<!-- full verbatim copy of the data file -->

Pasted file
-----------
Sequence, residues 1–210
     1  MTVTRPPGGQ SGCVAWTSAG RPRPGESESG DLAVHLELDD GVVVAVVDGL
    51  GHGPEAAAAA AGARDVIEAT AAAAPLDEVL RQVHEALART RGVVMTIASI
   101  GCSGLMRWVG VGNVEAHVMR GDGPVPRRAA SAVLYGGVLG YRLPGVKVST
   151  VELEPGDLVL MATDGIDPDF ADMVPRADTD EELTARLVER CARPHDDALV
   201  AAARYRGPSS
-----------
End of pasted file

Sequence, residues 1–210
     1  MTVTRPPGGQ SGCVAWTSAG RPRPGESESG DLAVHLELDD GVVVAVVDGL
    51  GHGPEAAAAA AGARDVIEAT AAAAPLDEVL RQVHEALART RGVVMTIASI
   101  GCSGLMRWVG VGNVEAHVMR GDGPVPRRAA SAVLYGGVLG YRLPGVKVST
   151  VELEPGDLVL MATDGIDPDF ADMVPRADTD EELTARLVER CARPHDDALV
   201  AAARYRGPSS